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Margaret Smith

written by

Leukaemia Care, Charity

  • Margaret Smith

For the last 3 years I have been struggling to control my hot flushes and mood swings. I was convinced I was starting the menopause early as there is a family history. Blood tests confirmed that I was peri-menopausal and I was told that until I had not had a period for 12 months, I wasn’t going to be able to have hormone replacement therapy (HRT).

In January 2016, after suffering from four months of hot sweats, moods swings and constant tiredness I visited my GP. I told her how I was feeling and that I hadn’t had a period for over 12 months. She requested some blood tests and asked me to come back and see her in two weeks. The tests confirmed I had started the menopause, however, she commented that my platelet count was raised, so she wanted to repeat the test. Another follow up appointment confirmed that they had dropped slightly, but she commented they had actually been raised for what they thought could be three years. I came away from there with my HRT prescription, but she then called me at home to say she wanted to do another blood test to check my clotting before I started using them.

When I went back a week later, my blood tests had shown a slightly raised clotting factor and the GP wanted to refer me to a haematologist. I was referred on the 14th February. I came away feeling devastated but knew the risks so I respected her judgement. After a mammoth 16 week wait, I was finally seen at the QE2 Hospital in Welwyn Garden City in May. The poor consultant got the wrath of my frustration regarding the time it had taken to see her, but particularly when she told me I needed to have more blood tests done (as I’d already had a lot of tests repeated). She told me they would take up to four weeks for the results as she was looking for specific results from very specific tests.

That four weeks was hell but, when I came back to see her on 22nd June, my GP was smiling. She told me that she hadn’t expected to find anything out but she had definitive results from the blood tests.

I was diagnosed with essential thrombocythaemia (ET for short) with JAK2 positive mutation. I had absolutely no idea what the condition was, but she gave me a very helpful booklet from Leukaemia CARE. She explained that my body was producing too many platelets. I was completely stumped by this condition and was struggling to take in what she was saying. Hearing the words cancer and bone marrow biopsies filled me with fear, but she was quick to reassure me that my present my condition was treatable with aspirin daily and those were the worst case scenarios if my platelet count rose to over 900! She also gave me a Nurse Specialist’s number and explained that they would be in touch to support me. It was agreed that she would see me again in three months for my first review, but that I would be under haematology for life now. Did she really mention the words blood cancer? I carried on with my day including picking up my husband from the garage and attending a second job interview shortly afterwards. I explained what she had said to my husband but I don’t think it was really sinking in with either of us. The following day when everybody had left for school and work I sat down to read my booklet which was really useful for me. I decided to give Leukaemia CARE a call on the free CARE Line.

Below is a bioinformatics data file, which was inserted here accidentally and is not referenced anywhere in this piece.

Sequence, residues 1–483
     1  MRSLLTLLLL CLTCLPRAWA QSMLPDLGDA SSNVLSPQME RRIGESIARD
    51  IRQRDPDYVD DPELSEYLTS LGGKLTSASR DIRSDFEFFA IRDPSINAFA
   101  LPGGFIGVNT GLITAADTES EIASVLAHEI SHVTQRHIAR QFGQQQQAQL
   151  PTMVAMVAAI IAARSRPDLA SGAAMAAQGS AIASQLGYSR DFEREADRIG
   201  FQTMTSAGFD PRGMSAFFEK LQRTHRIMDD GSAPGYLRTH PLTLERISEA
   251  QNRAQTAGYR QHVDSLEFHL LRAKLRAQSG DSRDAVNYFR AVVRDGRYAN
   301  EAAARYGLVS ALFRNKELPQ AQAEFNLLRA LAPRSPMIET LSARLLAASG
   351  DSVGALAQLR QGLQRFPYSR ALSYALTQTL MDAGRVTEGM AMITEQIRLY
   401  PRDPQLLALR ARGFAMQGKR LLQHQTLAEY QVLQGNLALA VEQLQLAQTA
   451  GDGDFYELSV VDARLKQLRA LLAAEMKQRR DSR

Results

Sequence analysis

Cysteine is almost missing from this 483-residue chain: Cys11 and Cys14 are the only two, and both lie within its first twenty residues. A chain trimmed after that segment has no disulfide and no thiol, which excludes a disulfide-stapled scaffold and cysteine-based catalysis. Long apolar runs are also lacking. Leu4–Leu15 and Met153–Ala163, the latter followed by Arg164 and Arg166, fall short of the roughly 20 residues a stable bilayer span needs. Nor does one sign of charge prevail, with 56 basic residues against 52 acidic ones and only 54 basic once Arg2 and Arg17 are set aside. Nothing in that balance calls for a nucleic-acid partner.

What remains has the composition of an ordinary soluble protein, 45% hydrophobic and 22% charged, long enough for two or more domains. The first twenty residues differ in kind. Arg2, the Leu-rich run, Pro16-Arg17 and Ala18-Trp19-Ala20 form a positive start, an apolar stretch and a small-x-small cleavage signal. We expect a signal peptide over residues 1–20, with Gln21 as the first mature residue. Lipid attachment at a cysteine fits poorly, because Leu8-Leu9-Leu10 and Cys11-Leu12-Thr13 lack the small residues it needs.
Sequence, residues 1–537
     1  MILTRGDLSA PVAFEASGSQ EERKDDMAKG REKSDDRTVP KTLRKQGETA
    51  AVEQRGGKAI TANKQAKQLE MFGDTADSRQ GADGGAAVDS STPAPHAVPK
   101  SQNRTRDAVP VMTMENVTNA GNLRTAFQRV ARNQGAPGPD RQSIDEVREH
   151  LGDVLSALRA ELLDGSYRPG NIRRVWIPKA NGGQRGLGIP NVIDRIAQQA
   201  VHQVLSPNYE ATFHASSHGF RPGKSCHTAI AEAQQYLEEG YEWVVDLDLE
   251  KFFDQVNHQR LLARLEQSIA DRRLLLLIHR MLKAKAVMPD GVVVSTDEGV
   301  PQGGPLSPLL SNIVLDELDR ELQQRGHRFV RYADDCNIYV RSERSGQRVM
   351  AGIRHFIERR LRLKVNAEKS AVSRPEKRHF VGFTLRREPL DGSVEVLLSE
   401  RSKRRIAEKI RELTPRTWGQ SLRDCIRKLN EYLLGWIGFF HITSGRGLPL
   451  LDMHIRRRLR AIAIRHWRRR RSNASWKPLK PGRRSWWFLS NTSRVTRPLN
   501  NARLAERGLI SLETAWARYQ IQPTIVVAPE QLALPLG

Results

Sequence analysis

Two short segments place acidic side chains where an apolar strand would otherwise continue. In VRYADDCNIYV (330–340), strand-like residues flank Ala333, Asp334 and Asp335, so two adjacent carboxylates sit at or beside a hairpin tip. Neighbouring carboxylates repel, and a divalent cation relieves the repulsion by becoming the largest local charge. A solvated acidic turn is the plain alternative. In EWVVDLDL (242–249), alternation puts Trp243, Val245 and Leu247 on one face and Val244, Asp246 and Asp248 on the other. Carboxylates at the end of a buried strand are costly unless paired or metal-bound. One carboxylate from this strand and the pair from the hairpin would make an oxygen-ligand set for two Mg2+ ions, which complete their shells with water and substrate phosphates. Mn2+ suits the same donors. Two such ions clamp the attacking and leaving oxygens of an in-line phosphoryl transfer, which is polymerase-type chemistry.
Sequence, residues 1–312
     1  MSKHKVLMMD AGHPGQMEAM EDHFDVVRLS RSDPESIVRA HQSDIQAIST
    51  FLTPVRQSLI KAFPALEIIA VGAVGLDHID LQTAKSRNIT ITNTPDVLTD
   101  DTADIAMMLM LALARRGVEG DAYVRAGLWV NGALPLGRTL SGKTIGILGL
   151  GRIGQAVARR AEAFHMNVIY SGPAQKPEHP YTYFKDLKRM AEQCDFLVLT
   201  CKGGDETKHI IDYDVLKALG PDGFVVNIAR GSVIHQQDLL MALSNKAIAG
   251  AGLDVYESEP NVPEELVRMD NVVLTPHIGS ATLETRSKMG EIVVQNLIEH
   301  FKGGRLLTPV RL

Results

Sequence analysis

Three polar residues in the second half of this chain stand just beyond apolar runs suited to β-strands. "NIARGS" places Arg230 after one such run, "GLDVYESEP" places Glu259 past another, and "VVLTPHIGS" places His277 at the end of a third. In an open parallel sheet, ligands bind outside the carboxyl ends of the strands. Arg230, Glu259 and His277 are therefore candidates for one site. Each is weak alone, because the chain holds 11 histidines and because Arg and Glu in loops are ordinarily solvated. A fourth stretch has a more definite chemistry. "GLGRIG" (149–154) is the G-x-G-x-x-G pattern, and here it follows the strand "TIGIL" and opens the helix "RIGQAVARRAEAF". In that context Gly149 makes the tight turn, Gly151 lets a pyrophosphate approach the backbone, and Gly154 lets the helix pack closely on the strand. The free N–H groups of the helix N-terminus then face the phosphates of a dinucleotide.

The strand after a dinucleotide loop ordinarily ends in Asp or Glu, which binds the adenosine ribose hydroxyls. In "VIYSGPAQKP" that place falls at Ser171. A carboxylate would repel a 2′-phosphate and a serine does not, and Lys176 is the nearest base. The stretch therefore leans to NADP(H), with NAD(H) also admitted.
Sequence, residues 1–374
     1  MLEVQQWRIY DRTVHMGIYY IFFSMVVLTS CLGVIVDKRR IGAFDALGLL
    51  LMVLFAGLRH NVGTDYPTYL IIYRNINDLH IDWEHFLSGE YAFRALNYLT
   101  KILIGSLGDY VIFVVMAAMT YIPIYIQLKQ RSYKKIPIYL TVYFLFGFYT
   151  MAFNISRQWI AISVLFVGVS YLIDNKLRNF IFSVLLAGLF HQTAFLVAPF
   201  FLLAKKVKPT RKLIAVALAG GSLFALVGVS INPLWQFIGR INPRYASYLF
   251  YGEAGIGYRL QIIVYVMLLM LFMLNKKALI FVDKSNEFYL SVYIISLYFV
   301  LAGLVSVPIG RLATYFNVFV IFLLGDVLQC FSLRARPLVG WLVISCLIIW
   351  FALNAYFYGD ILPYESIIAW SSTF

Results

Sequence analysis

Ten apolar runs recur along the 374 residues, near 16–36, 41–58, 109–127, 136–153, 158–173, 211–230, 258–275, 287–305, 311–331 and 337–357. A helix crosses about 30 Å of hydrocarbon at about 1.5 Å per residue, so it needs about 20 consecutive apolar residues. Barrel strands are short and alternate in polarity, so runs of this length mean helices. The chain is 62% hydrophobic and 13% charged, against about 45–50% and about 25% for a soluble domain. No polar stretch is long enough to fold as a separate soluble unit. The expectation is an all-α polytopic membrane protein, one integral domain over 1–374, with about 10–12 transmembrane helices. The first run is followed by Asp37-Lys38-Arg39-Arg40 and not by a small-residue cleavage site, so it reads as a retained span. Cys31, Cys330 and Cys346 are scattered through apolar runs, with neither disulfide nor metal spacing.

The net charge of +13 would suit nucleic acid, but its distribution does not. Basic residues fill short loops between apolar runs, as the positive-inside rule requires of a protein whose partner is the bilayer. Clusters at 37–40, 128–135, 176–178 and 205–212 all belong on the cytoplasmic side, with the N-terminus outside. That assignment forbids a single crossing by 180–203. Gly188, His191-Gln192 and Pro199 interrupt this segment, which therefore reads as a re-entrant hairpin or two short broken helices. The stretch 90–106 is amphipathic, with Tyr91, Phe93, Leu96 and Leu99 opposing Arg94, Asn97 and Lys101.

I spoke to Nickey – who has been my guardian angel. Her first question to me was ‘How do you feel?’ I told Nickey about the relief I felt to finally have a diagnosis which could actually explain why I’d been feeling so rubbish for so long. What struck me was that Nickey didn’t rush me off the phone, I think I spoke to her for over an hour. She was very sympathetic, gave me advice and explained about the charity and that I could speak to someone on the CARE Line 24/7.

Talking to a complete stranger really helped me to come to terms with things and begin to feel at ease. I actually felt like Nickey was my friend and that we’d known each other for a very long time. Although I’d told some of my family about my diagnosis, I decided I wasn’t going to tell my elderly mum as I didn’t want to worry her as her health had recently deteriorated, this was something that Nickey understood.

It was nice to talk to somebody who understood about the condition. She told me she would send me some more information about the charity. It was then that Nickey also told me about the fantastic St Alban’s haematology support group. It turned out that the support group actually had a meeting on the following evening. I told her I would look at their Facebook page and get in touch with the organiser.

Thanks to Nickey, I have now attended three meetings at the St Albans support group and it’s very reassuring to meet other people with different conditions but essentially, we all have a common link. I think I am the youngest member there but, listening to their stories and seeing how well the other members look, it fills me with inspiration to fight this condition.

It was also lovely to meet Nickey in person in August at a support group meeting. Her smiling face just showed her passion and love for the job she does and it was lovely to put a face to the voice at the end of the phone.

Since being diagnosed, I started a new job in August and have managed to undertake and fully organise an office move within four weeks! This was a mammoth challenge but something I am proud to have done. My symptoms have increased and I struggle to sleep at night for more than five hours, so I’m taking some additional medication.

However, I know that I can always call Leukaemia CARE for advice or even just a chat. I’d urge anyone else to do the same, there’s no need to feel you are on your own.